I wrote an article few months ago mentioning that although people could read long before we had computers, typography was overseen until 5-6 years ago, when it became a trend to work on it. If you ignore it now, it can damage you and your website. The reason behind Amazon’s Kindle products being so popular is the fact that they focus a lot on the reading experience – fonts, size, line height, spacing, light and so on. When you get the Kindle, you can’t wait to start reading a book just because it is indeed a pleasure to do it while using the tremendous device.
Image by Amazon
If you think the web is much more different than reading a book, you are mistaken. Typography is as important on the web nowadays at it is in print. Actually, it is much more important. If you bought a book with bad typography, you might end up reading it anyway because you spent money on it or because you really are interested in the subject. If a website has bad typography, you will just exit off it and find the same information somewhere else – this is the internet of 2012, anything can be found out there.
Updating your fonts and general look of the text is so much easier to do now than 10 years ago, with the bunch load of software support we have at our disposal, such as CSS3 or the capability of embedding fonts. Don’t overlook typography, it is a huge setback. You have no idea how much line spacing can mean, even for the most basic font out there. Try it, go now on your website and increase the line-spacing to 1.5 of the font size. You will be amazed how a three-second tweak will make your website look like. And then imagine, if you did that with a basic font, how much can you do actually with a beautiful typeface?
You don’t need to spend hundreds of dollars on typefaces just to see they don’t fit your website. Adjust the one that you have now. Play with line height, spacing (both between words and letters) and font size. These things are so basic and can do so much – it is incredible how many people choose to ignore them.
If you are tired of your default font, you don’t necessarily need to spend money on a premium one. Google Fonts offers lots of beautiful typefaces which can be incorporated with a CSS property called @font-face. All the fonts offered by Google’s web app are free, so there is no excuse for not playing with them for a while. You might also want to check Adobe Web Fonts.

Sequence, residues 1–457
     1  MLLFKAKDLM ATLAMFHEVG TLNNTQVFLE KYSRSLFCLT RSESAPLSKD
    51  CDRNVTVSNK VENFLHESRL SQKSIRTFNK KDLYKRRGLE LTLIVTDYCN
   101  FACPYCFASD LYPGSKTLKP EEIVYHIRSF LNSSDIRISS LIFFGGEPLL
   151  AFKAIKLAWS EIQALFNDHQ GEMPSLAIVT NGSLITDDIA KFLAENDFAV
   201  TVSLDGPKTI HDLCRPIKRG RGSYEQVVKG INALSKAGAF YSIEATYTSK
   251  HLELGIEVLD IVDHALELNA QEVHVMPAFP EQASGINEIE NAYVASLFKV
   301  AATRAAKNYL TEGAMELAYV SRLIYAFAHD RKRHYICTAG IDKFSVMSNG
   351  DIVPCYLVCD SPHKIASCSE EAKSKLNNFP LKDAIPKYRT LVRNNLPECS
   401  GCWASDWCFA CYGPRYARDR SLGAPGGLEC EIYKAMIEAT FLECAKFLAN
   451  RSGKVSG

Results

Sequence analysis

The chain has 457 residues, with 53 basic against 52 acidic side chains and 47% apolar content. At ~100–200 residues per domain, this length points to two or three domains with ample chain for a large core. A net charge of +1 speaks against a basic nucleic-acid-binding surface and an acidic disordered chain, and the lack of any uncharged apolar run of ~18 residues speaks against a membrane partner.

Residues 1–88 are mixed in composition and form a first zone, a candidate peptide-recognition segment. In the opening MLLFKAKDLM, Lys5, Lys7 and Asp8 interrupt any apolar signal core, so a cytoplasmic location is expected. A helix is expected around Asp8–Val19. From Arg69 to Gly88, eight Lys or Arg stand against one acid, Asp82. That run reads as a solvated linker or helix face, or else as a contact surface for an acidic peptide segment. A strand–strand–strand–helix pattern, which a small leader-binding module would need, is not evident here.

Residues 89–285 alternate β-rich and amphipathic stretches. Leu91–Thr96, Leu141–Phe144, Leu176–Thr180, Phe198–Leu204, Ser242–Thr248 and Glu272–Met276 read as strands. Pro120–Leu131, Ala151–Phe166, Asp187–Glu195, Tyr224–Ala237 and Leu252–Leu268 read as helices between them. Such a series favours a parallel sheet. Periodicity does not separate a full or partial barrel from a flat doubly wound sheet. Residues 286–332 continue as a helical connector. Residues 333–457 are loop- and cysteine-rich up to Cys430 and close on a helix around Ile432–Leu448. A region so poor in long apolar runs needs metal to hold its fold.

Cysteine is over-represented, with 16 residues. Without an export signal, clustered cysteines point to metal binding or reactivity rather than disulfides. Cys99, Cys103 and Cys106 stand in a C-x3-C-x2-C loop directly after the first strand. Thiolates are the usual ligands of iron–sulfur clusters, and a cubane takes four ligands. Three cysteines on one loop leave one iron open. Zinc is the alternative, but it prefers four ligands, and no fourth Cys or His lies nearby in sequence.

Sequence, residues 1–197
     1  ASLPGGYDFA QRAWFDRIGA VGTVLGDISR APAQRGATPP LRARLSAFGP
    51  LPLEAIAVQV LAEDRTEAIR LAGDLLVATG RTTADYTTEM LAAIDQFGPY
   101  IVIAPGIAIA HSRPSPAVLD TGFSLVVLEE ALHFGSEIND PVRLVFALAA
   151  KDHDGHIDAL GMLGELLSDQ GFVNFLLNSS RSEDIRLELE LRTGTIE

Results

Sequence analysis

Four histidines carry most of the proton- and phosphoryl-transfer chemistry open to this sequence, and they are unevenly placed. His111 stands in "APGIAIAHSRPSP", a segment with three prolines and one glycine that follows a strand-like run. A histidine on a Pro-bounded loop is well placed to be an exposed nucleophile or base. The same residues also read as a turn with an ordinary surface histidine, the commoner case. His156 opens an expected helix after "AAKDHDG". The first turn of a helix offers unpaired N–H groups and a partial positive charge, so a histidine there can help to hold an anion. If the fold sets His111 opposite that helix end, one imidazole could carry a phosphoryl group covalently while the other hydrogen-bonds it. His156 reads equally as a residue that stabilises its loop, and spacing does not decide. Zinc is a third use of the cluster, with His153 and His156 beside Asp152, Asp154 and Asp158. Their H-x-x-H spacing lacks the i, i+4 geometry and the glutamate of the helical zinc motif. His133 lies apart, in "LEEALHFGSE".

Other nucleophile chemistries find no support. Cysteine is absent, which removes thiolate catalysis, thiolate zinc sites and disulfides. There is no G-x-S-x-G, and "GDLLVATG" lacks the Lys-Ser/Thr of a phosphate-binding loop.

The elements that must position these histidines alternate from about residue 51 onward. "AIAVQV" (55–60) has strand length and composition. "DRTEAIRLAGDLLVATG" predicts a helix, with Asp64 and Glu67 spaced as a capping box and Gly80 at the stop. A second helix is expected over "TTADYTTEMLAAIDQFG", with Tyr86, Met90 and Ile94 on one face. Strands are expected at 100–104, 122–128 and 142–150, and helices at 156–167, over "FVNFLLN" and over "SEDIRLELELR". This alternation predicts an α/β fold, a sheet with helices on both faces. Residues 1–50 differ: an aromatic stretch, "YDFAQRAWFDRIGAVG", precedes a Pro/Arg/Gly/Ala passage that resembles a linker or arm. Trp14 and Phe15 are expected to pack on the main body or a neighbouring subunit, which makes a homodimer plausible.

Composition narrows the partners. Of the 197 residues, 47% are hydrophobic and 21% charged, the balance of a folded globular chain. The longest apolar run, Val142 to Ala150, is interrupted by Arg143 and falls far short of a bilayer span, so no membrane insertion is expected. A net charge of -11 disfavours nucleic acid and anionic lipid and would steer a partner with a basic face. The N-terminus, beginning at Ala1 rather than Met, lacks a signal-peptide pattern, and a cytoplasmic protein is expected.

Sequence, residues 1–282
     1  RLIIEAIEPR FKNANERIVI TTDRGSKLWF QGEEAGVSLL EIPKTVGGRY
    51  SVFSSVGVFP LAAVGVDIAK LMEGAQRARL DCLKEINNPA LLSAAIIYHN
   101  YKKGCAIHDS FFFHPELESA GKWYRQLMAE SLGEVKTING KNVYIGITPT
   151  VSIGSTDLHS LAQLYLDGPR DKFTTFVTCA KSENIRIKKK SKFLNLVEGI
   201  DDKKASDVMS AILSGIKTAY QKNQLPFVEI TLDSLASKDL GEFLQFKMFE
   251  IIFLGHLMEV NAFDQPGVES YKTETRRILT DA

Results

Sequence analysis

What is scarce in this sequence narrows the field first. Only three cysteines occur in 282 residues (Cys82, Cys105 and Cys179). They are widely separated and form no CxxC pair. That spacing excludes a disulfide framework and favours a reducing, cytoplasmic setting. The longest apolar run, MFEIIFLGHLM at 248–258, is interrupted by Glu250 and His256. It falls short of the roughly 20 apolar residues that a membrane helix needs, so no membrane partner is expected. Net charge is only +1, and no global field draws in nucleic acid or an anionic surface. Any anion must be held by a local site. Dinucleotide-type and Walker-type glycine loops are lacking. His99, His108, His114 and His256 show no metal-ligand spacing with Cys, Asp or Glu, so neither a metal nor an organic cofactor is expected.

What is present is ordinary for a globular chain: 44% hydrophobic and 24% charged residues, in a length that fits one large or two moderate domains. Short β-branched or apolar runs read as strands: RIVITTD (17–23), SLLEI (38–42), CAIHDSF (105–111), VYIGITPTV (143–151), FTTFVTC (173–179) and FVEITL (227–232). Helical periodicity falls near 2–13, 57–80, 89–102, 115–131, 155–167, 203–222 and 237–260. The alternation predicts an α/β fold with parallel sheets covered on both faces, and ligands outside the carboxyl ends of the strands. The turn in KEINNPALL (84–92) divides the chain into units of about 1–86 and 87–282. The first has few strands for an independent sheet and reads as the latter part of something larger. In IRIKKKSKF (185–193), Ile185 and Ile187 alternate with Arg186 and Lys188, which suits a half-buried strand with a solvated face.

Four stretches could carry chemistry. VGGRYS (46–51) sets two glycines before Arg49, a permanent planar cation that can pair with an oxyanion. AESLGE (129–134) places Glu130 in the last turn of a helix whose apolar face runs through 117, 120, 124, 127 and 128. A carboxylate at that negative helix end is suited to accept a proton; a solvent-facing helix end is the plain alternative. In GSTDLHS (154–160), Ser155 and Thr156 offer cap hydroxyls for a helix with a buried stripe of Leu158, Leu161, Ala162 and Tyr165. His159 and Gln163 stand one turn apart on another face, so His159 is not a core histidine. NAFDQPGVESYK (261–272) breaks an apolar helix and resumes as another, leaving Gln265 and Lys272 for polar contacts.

This is another big one and has to do a lot with typography and font sizes. If you quickly scan this article, you will notice how fast you can get an overview of what I wrote about. You don’t need to read it. In less than 10 seconds you can already spot the main topic and what I covered, then you can decide if the article is worth reading or not. This has a lot to do with hierarchy and how we, at 1stwebdesigner, work with the headings.
Offtopic: Working with the headings the right way will also help your website rank better in search engines, because the keywords in the headlines are very important and help search engines find out about the content of the article (just like it helps you).
If headings are not normally something you use, get in the habit of doing it. Simply using the <h1> to <h6> tags will do a lot both for your content and readers.
The first impression
You know the saying: “There’s no second chance to make a first impression”. True in dating, true on the web, although in dating you might get a shot at a second date. On the web you will not get clicked on a second time if the first impression is bad.
Let me ask you something. From the 10-15 totally new websites you visited today, in a matter of two seconds, how many of them can you remember? Most surely no more than 2. From the approximate 500 ads you saw today on the web, street, in the bus and in the shops, how many of them you remember? Most definitely not more than 5. This is because only few manage to create powerful emotions into you at the first glance.
Designs creating a powerful emotion are always easier to remember.